FIREFIGHTER HISTORY 12/6

On 12/6/1917 the Mont Blanc, a French munitions ship, exploded in Halifax harbor in the Canadian province of Nova Scotia 20 minutes after a collision with the Norwegian vessel Imo. The explosion and fire killed 1,654, including nine firefighters, and injured 9,000 mostly spectators witnessing the spectacular ship fire. The Mont Blanc was carrying 10 tons of gun cotton, 35 tons of high-octane gasoline, 200 tons of TNT (trinitrotoluene), and 2,300 tons of picric acid. The shock wave was felt 50 miles away. “Around 8:00 a.m. the Norwegian ship carrying relief supplies to Belgium, the Steam Ship (SS) Imo left its mooring in Bedford Basin and headed for the open sea. At about the same time, the French ship SS Mont-Blanc was heading up the harbor to moor, awaiting a convoy to accompany her across the Atlantic. A convoy was essential; this small, barely seaworthy vessel was carrying a full cargo of explosives…  Perhaps, the ships might have passed without incident, but SS Imo signaled “full speed astern.” So, did SS Mont-Blanc, but it was too late. Reversing her engines caused SS Imo’s bow to swing right, and it struck SS Mont-Blanc, missing the TNT, but striking the picric acid stored directly beneath the drums of benzol on deck. The impact cut a wedge in SS Mont Blanc’s side and struck deadly sparks. The crew of SS Mont Blanc, aware of their cargo, immediately took to the lifeboats, screaming warnings that no one heeded. They rowed for Dartmouth, leaving the now furiously burning ship to drift towards Halifax, propelled in that direction by SS Imo’s impact. The SS Mont Blanc drifted by a Halifax pier, brushing it and setting it ablaze. Members of the Halifax Fire Department responded quickly and were positioning their engine up to the nearest hydrant when SS Mont Blanc disintegrated in a blinding white flash, creating the biggest man-made explosion before the nuclear age. It was 9:05 a.m.”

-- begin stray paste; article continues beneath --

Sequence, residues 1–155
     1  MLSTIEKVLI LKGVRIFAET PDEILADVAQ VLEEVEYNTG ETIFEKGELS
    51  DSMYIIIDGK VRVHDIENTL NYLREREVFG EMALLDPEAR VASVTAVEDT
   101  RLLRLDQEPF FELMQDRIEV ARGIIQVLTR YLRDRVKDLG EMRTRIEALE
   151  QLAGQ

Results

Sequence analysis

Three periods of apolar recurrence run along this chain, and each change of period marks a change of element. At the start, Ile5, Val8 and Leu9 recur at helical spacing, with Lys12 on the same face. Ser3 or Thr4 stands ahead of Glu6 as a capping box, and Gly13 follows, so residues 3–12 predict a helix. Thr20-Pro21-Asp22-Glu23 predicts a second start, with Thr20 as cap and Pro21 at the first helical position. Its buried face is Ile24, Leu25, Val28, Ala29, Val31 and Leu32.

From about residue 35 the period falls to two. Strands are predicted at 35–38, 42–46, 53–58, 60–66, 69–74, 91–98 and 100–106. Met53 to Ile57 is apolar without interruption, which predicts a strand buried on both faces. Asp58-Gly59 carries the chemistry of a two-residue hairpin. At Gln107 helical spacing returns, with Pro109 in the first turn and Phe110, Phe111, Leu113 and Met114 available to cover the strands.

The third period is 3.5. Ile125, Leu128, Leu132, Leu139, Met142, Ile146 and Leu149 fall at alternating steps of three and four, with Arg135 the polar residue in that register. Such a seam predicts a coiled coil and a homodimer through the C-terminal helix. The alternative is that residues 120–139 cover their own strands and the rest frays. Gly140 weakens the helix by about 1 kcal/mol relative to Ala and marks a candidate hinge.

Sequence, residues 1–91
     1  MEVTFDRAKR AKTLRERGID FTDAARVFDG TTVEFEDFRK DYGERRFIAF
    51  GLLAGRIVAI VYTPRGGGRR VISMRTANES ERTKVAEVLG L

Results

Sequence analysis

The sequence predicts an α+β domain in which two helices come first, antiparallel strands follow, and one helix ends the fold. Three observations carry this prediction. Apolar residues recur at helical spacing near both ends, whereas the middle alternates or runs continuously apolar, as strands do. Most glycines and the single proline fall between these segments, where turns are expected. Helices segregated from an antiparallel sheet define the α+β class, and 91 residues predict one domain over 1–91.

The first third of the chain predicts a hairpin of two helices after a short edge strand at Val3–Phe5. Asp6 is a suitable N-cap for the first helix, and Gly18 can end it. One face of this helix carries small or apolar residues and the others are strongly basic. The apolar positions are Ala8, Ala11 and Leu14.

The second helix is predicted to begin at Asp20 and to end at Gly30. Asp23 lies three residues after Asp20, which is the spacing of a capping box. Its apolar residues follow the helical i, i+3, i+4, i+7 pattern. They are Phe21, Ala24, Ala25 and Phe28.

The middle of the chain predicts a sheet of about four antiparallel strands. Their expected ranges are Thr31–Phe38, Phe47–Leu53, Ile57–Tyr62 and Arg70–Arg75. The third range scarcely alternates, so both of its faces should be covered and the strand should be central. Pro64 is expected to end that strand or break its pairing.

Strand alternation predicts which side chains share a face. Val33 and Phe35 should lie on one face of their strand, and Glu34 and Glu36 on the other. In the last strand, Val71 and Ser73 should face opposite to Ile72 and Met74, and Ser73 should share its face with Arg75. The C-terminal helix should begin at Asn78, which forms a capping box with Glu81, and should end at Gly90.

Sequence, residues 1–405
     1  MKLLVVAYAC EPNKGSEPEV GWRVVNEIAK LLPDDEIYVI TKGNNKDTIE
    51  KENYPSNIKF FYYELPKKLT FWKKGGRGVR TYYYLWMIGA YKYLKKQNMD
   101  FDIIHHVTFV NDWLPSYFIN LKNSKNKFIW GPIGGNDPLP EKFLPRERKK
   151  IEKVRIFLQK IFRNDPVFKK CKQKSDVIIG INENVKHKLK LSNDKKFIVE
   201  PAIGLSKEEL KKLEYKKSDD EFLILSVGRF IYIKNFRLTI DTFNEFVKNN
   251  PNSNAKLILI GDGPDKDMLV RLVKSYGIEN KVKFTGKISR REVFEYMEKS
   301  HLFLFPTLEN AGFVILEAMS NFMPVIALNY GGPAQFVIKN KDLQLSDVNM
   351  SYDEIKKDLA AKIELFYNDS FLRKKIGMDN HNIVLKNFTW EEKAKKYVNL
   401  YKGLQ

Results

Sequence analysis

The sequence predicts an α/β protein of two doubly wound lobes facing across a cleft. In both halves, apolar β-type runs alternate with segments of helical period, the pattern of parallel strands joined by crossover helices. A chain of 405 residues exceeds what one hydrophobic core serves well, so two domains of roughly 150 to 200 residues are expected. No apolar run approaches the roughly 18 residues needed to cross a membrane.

On 12/6/1938 Walt Disney’s mother, Flora Call Disney (April 22, 1868 – December 6, 1938) died of asphyxiation caused by the carbon monoxide (CO) fumes from a faulty gas furnace, less than a month after moving into a new home in North Hollywood, near the Disney studios in Burbank, California. Walt and Roy presented their parents with the home after the success of their film Snow White and the Seven Dwarfs. Flora had complained to Walt and Roy about problems in her new home. The studio repairmen did not adequately fix the problem. This incident plagued Walt with grief for the rest of his life.

On 12/6/1899 a Winsted, Connecticut firefighter “died four months after he inhaled flames and smoke while fighting an ice-house fire.”

On 12/6/1906 the Chi Psi fraternity house at 810 University Ave, known as “The Cornell Fire”, caused the death of four undergraduate students and three Ithaca, New York firefighters. The fire caused a wall to collapse and killed the three firefighters. “Word of the deaths spread via telegraph and shocked the country. President Teddy Roosevelt sent his condolences when he heard of the tragic loss.”

On 12/6/1920 a Boston, Massachusetts firefighter “died from injuries received on December 1, 1920. (The fire is believed to have occurred at 1193 Blue Hill Avenue, Mattapan, Box 3526, at 0457 hours). He suffered injuries from the inhalation of smoke, heat, and gases. He developed pneumonia and died.”

On 12/6/1925 a Buffalo, New York firefighter “died as a result of injuries he sustained the previous day when he and a firefighter were caught under a collapsing wall while operating a line from a ladder at a two-story factory fire. He was killed instantly in the collapse.”

On 12/6/1952 a Bridgeport, Connecticut firefighter died from trauma caused by a roof collapse.

On 12/6/1953 a Queens, New York (FDNY) firefighter “died as a result of his injuries sustained while operating at a single-alarm fire at 139-42 Hillside Avenue on November 24th.”